He said it didn't hurt to cough, but it certainly looked as if it did, and he seemed a little breathless. Judy thought so, too. Bob seemed vague and cagey, although really no more so than when I'd seen him previously. He could have been frightened. His chest movement seemed equal on both sides, but was difficult to judge since his respiration was quite shallow. When I asked him to take a deeper breath, he coughed, which aggravated the pain.

On auscultation I was convinced, however, that the breath sounds were quieter on the right lower lobe, and on percussion there was more resonance on that side. I'm not experienced in examining vocal fremitus – I tried, but could not find any noticeable difference, and vocal resonance was difficult because Bob speaks quite softly. According to Epstein et al, both should be reduced in pneumothorax, although they advise that a decreased percussion note can be difficult to detect.1 Similarly, I'd failed to find reduced expansion on the painful side, but this might have been because his respiration was shallow, due to the pain.2

On previous attempts at chest examination, I'd rarely found anything other than wheeze; this time I was not confident that I'd actually found the abnormalities and wanted to check again, but Bob was obviously in some discomfort, and kept shifting position. I had never actually found a pneumothorax before, but felt that, in theory at least, I was probably looking at one now.

A pneumothorax can occur spontaneously, often in tall, thin males, although it is more likely in the under-40 age group.3 Bob was 75 years old. It can also be secondary to lung disease,4 such as chronic obstructive pulmonary disease (COPD), and Bob was a long-term smoker. If associated with underlying pulmonary disease, the consequences are much more serious and carry a 15% mortality rate,4 and if my suspicion was correct Bob would need urgent treatment to aspirate.

I told him he may need a chest X-ray as I thought I had found an air bubble between his ribs and his lung, and that because the local hospital insists on request forms being completed and signed by doctors I would need to speak to one. I asked if he minded if the doctor also examined him, to be sure of my initial diagnosis. He was still subdued, and agreed without further comment.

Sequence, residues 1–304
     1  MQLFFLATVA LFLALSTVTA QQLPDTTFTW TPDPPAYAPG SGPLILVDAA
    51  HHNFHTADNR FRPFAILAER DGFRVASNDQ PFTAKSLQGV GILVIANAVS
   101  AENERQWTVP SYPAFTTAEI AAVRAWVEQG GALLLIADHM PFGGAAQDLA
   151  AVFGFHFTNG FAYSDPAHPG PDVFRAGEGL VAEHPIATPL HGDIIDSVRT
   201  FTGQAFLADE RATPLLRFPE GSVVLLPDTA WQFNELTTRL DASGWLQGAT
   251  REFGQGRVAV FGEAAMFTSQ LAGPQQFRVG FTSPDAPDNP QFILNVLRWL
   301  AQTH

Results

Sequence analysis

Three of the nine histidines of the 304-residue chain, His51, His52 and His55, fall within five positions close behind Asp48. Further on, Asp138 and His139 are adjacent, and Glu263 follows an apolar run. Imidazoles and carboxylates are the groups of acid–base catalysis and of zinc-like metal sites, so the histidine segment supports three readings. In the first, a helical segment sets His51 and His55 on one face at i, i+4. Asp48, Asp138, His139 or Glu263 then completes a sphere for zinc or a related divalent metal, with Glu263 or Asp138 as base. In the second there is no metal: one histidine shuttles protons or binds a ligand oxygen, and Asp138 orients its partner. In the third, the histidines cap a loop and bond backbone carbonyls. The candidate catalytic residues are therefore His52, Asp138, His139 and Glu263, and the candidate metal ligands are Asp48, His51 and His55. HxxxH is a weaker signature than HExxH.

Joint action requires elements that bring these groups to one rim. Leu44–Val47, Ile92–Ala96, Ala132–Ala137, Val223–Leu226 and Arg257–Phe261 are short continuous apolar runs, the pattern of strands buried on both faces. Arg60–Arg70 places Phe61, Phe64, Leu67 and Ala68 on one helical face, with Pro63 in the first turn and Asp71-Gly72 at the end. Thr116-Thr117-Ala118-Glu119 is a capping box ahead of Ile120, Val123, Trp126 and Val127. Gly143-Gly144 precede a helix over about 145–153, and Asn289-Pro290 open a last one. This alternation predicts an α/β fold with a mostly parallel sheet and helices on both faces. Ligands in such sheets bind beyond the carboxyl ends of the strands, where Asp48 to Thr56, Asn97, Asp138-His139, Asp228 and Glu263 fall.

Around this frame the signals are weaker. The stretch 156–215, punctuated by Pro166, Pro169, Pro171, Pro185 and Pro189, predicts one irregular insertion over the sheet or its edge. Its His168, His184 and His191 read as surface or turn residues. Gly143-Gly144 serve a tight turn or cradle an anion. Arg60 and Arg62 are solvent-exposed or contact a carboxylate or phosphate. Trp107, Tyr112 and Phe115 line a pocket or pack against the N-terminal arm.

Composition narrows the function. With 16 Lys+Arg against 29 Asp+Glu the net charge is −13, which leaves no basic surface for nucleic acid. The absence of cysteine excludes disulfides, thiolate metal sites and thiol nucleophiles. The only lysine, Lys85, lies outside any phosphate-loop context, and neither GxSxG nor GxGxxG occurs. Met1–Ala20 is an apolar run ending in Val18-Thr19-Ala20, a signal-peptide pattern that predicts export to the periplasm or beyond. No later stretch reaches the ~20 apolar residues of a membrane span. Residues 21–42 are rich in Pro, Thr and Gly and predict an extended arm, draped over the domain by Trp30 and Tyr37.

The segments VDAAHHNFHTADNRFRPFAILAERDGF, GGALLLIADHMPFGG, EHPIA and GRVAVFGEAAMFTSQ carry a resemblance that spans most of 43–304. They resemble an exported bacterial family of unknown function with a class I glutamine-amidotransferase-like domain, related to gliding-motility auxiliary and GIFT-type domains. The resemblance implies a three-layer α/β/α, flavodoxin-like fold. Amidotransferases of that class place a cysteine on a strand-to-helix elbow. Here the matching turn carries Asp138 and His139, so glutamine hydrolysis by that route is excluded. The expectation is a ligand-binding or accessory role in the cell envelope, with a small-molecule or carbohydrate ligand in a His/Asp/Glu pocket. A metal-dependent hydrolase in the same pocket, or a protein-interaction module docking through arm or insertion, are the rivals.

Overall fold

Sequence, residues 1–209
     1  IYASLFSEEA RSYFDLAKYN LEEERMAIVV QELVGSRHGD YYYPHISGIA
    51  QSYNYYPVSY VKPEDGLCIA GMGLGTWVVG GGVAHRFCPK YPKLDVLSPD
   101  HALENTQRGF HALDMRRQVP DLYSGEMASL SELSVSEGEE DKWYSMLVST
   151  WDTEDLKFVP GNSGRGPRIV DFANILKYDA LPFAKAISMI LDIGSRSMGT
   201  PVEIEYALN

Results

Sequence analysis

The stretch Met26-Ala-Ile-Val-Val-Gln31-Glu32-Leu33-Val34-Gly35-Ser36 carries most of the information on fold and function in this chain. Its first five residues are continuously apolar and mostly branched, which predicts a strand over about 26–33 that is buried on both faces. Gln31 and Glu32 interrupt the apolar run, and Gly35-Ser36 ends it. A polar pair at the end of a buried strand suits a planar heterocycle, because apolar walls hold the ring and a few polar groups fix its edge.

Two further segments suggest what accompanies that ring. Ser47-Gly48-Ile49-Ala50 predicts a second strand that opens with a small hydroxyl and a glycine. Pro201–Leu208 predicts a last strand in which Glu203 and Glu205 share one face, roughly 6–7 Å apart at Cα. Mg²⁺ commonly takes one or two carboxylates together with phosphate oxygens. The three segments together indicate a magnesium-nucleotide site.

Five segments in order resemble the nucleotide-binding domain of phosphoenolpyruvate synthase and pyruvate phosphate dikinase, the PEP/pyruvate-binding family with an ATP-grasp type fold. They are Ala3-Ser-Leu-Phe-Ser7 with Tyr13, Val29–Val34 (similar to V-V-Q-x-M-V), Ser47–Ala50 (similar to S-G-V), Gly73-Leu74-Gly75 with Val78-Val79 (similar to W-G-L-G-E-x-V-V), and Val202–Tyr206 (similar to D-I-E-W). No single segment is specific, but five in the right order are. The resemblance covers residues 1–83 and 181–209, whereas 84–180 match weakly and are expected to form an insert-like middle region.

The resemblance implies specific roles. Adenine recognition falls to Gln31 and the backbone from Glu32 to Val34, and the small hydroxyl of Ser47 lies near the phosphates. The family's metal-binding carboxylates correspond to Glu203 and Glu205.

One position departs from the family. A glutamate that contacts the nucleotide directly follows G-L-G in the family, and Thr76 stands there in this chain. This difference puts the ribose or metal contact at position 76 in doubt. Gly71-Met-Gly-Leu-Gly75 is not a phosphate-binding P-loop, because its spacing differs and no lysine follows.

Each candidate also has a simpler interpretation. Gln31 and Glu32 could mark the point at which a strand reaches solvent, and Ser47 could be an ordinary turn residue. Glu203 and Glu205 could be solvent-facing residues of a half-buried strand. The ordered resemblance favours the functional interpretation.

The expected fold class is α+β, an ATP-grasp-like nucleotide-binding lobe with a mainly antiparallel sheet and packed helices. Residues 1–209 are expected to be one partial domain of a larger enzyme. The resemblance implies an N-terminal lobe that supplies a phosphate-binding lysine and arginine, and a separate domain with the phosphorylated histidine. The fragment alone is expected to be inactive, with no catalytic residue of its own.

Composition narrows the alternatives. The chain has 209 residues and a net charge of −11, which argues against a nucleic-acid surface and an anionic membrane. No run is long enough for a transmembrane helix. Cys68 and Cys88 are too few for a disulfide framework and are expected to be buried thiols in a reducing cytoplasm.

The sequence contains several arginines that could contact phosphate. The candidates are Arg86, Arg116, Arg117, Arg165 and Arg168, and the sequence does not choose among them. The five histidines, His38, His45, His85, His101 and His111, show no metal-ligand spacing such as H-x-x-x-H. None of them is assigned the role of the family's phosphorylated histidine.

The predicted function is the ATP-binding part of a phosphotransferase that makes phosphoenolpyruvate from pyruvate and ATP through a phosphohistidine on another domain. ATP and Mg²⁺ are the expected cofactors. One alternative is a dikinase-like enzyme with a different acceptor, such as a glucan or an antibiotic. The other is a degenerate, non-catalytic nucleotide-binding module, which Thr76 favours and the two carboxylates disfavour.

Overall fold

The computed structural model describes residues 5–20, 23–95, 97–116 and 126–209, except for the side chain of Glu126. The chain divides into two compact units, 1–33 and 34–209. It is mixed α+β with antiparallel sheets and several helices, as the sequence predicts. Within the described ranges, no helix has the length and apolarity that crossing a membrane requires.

While waiting outside the duty doctor's room, I was joined by our current GP trainee and medical student, both of whom had patients they wanted to discuss. They wanted to examine Bob, as he sounded interesting, and Bob amazingly said, "Oh, the more the merrier" when I consulted him. I continued waiting for the GP, and we joined them all in my room just as the student was expounding about the bilateral wheeze that would most likely mean pneumonia, and the GP trainee was examining Bob's back, saying he had spondylosis, which was possibly the cause of his pain. The GP agreed to the chest X-ray but said Bob had probably had enough of us all for the time being and advised analgesics, a sputum specimen, and a review the next day for a BP check. Judy took him straight to the hospital for the X-ray – they admitted him for insertion of a chest drain after confirming the "large, right-sided pneumothorax, probably secondary to COPD". There was no mention of pneumonia or spondylosis.

Of course, that means Bob will be badgered to stop smoking, we'll have to encourage him to come and see us more often, offer him flu and pneumonia vaccines, all the while respecting his views, without turning him into a "patient". Bob probably won't change his aversion to health promotion, so we'll have to tread carefully; the risk of recurrence for a pneumothorax is about 40%, most occurring within 18 months to two years.4
So how many doctors does it take to make a diagnosis? None – just a practice nurse, as long as the patient hasn't fallen asleep eating a pizza.

1. Epstein O, Perkin GD, de Bono DP, Cookson J. Pocket Guide to Clinical Examination. Second Edition. London: Mosby, 1997.
2. Forbes CD, Jackson WF. Color Atlas and Text of Clinical Medicine. Third Edition. Edinburgh: Mosby, 2003.
3. Family Practice Notebook. Simple pneumothorax. Available from:
4. Pneumothorax. Available from:

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"What a witty, well written article. It is a clear description of the linked relationship between  diagnosis, self-esteem and confidence to practice." - Judith Roberts